Rockler HVLP Sprayer

Not trying to produce spam or bacon here, but I know that some of you guys have been asking about clearcloats (Shellac, e.g.,) & tip size. I just re ceived this in my email today, maybe you did too.
Regardless, Hope it helps someone else out.
We thought you'd like to be one of the first to see our new HVLP Finishing Sprayer. It's a time saver that delivers a great finish at a low cost. As a n e-mail subscriber, you qualify for FREE Shipping Every Day on orders of $ 35 or more when you enter promo code V20305 at checkout.
http://www.rockler.com/rockler-hvlp-finishing-sprayer?sid=V20305&utm_sour ce=bronto&utm_medium=email&utm_term=Image+-+NEW+Rockler+HVLP+finishin g+sprayer&utm_content=Have+You+Seen+This?&utm_campaign2617_b_r_Have+ You+Seen+This_V20305
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Here's a shorter link that doesn't include potentially personal information about you:
http://www.rockler.com/rockler-hvlp-finishing-sprayer
Generally, you should remove everything after the first '?' symbol in the URL before posting, just in case customer numbers or other personal information is encoded in the query string (the characters after the first interrogatory symbol).
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On Wednesday, April 26, 2017 at 10:27:07 AM UTC-4, Scott Lurndal wrote:

Thanks, Scott! That's very helpful.
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On 4/26/2017 8:24 AM, Steve wrote:

Hi Steve,
I assume you use this or one like this.
I have on many occasions considered using this type equipment in the last 30 years. I had a terrible experience with a Wagner Airless sprayer 30+ years ago.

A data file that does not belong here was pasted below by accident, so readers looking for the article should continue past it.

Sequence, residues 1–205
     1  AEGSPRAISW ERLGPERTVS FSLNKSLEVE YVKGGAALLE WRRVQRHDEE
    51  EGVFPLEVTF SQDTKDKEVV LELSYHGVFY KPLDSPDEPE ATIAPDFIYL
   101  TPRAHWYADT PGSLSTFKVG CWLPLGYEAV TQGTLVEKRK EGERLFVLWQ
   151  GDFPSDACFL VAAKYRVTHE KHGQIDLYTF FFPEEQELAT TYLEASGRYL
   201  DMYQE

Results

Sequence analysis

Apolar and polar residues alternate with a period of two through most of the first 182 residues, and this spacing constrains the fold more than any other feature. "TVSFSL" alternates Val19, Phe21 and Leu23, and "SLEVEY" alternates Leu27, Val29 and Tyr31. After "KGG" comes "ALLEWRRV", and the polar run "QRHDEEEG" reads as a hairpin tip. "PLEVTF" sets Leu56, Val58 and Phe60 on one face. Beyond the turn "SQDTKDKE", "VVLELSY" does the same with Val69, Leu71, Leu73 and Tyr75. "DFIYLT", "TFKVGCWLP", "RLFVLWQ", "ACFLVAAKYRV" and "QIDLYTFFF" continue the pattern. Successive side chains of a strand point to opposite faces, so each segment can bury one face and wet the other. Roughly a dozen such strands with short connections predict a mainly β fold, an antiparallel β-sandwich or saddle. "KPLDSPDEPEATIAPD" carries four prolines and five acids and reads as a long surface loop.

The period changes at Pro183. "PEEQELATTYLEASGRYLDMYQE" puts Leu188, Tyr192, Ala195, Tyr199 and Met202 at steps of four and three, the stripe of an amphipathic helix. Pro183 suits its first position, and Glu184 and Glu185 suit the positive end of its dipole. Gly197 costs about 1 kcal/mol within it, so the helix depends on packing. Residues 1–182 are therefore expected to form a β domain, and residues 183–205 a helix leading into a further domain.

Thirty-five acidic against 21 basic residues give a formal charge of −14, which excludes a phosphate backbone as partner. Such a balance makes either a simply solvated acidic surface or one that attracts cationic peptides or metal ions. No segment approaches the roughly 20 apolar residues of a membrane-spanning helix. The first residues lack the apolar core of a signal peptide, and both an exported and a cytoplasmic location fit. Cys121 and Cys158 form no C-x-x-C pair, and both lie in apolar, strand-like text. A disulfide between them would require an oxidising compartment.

Anyway, How much trouble is it to clean these/this sprayers?
Is this unit good enough to deliver a fine finish on relatively fine furniture, bare wood?
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On Wednesday, April 26, 2017 at 12:49:58 PM UTC-4, Leon wrote:

I have to admit, Leon, I use no such thing, I just noticed that others were asking. Personally, I'm a Purdy guy, especially when it comes to clearco ats. I'll use a white bristle, but I especially like the Purdy OxO line for thinner clears like lacquers & varnishes.
I got my start in construction and real estate generally as a housepainter, and I did a lot of upscale homes in greater Boston. (What else was I sup posed to do with a liberal arts degree??) Anyway, I have tried them, see n them used, and I have also worked in lumber yards/paint stores that sold them. I'm not speaking on behalf of the Rockler unit, but generally they ca n be trouble.
As an analogy, working with them is like using a 2 cycle engine-- if you're not using it all the time, the ethanol is going to tear up your carbs; t he residue is going to clog your tips; if you ARE using them all the time, then you know what you're doing, how to clean, what degree to thin the flu id to, and what sort of stippling you'll get out of it. The challenge for most of us is getting to the point of being proficient or better at sprayin g with them.
Units like these, I know guys who use them all the time, but STILL backbrus h their clearcoats. It's going to depend on one's proficiency and level of detail.
Maybe Rockler would be open to an in-store demo.
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On 4/27/2017 10:18 AM, Steve wrote:

Thank you Steve.
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On Thursday, April 27, 2017 at 2:57:00 PM UTC-4, Leon wrote:

If anybody does get one I would love to hear a review.